KENNEWICK -- Safia Jama yearns for the day she is reunited with the children she hasn't seen in more than five years, since the day she came home from a Mogadishu market to find her husband and children had fled the war-torn Somali city.
The African nation already had been ripped apart by civil war for 15 years at that point, but she recalled through interpreter Bile Farah that things were especially bad on that day in February 2006.
The city exploded in violence in what would come to be known as the Second Battle of Mogadishu. Residents fled for their lives as warlords battled an Islamist faction for control of the ruined city.
And Jama was left alone. Her husband and children had disappeared, leaving behind no clues where they might have fled. She made her own way to Ethiopia -- more than 200 miles away. She walked 14 days with no money and only what little food people gave her along the way.
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Jama now lives in Kennewick with her new husband, Bashir Gulet, and their little boy, Jibril. With the help of the nonprofit World Relief refugee assistance organization, she hopes they soon will be joined by her four daughters and Gulet's son.
"We will hug them. We will cry," Gulet said. "It will be a very good moment for us."
That moment nearly came in March, when the five children -- ages 9 to 18 -- were scheduled to fly into Pasco.
World Relief had rented and furnished a house where the family could live. Everything was ready, and Jama and Gulet were anxious to reunite their families.
But a day before they were supposed to arrive, the flight was canceled.
Scott Michael, director of the World Relief office in Richland, said the children were delayed by a new immigration policy that required an additional interagency security clearance.
The policy is affecting all refugees waiting to enter the United States, he said.
"It became mandatory for cases even though they were just about to leave," he said. "We have a number of families who were supposed to come and had flights booked."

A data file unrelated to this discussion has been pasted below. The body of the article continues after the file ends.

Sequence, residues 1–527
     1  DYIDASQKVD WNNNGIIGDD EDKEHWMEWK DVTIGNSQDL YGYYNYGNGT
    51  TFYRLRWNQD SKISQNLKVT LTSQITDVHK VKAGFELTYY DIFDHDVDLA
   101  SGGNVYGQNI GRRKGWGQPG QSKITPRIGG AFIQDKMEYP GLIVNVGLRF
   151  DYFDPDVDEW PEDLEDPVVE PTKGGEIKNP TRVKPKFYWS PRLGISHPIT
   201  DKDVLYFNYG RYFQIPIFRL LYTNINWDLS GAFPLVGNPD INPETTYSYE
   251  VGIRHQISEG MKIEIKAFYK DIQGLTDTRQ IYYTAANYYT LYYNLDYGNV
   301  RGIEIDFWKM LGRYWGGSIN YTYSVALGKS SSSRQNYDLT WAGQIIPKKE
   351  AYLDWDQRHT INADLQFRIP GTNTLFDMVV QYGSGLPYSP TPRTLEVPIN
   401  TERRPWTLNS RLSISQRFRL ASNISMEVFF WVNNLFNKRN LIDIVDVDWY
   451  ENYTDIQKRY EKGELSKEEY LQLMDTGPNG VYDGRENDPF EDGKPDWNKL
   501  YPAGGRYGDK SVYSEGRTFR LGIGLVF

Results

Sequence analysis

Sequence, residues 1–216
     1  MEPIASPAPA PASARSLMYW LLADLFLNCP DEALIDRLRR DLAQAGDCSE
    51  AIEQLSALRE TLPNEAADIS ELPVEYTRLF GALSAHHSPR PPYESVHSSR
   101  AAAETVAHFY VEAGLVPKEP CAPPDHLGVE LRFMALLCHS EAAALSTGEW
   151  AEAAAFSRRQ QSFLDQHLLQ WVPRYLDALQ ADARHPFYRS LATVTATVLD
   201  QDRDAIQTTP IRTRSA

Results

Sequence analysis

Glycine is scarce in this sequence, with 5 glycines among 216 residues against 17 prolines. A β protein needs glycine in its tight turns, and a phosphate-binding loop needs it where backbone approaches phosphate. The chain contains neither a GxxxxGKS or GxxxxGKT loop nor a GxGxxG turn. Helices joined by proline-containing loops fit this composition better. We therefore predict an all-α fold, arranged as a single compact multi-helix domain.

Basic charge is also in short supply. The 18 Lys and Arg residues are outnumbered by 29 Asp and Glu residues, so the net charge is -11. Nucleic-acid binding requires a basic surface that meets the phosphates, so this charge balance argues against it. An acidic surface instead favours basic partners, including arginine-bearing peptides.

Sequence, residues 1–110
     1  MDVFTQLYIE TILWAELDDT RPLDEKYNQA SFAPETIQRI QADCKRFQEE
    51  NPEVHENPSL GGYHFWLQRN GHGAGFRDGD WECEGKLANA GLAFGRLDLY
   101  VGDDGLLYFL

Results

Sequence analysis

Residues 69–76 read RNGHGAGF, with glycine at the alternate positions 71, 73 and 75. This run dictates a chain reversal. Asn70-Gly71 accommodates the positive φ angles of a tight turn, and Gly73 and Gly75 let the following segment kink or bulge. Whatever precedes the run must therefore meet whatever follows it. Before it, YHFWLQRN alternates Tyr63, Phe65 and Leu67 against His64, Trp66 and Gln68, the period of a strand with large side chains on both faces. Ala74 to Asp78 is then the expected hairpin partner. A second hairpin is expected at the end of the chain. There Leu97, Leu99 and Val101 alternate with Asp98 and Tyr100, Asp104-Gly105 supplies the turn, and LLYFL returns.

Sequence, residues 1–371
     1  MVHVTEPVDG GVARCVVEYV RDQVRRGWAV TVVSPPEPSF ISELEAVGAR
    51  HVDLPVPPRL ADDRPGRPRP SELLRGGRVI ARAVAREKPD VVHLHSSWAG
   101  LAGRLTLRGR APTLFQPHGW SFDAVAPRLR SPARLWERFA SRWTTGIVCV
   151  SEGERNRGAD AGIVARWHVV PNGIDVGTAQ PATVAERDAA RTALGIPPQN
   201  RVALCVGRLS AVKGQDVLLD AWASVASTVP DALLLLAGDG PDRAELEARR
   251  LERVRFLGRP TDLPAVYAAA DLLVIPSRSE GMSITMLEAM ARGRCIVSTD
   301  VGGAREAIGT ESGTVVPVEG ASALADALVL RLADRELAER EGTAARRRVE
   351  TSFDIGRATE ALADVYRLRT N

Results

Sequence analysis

Michael is optimistic Gulet and Jama's children will be allowed to enter the United States, but no one knows when.
"It was a really heart-breaking delay to get that close and then say they're not coming," he said.
Jama said she worries constantly. One of her daughters has high blood pressure and isn't getting medical treatment in Ethiopia, where the children currently stay with Gulet's sister.
"I am worried about her health condition," she said. "There is no medical attention over there. We try to send them a little bit of money every month, but it's not enough to pay for everything. It's better that they will be able to get medical attention."
Jama has had some small comfort in being able to talk to the children on the telephone. She remembered the first time she spoke to them after learning they still were alive even though her husband had been killed.
"If you are a mother, you can understand how you feel -- the happiness, the emotions of talking to your child after you are separated," she said. "It was so nice."
Gulet has lived his own horrific experiences as a refugee. He escaped Somalia in 2002 with his second wife, leaving behind his young son with a first wife he had divorced.
Gulet and his then-wife wandered like nomads to Ethiopia, Kenya, Sudan, Dubai and Libya looking for work and a safe place to settle.
They had two children together and a third on the way when in 2006 he placed them on a boat from Libya to the European island nation of Malta, where they hoped finally to be able to make a good life for their growing family.
He told Maltese news website di-ve.com in 2008 that he hadn't had enough money to buy himself a seat on the boat. He had promised his wife and children he would join them in Malta as soon as he could.
The boat sank. Gulet's wife and children drowned.
He found himself alone in a detention center where refugees were housed until the Maltese government could complete background checks and approve their requests for asylum.
Then he met Jama and a shared bond of grief turned into friendship, then love. They married in Malta in April 2007, and their son was born the following year after they arrived in Kennewick.
Now they're waiting for the day -- a day they hope will come soon -- that Jama's daughters and Gulet's son can join them, and their children can have a stable home and go to school.
"They never had the opportunity to go to school in Somalia because of the fighting," Gulet said. "If they come here, they will have a better future."
Even that day will be bittersweet and leave their family incomplete. Jama has two adult sons who remain missing in Africa.
Nonetheless, they both said they are grateful to God, the U.S. government and World Relief for bringing them to a new life in America.
"I will be very happy if I get my children here in the United States," Jama said.
For more information about World Relief, call the agency in Richland at 509-734-5477 or go to worldrelief.org.
* Michelle Dupler: 509-582-1543; email@example.com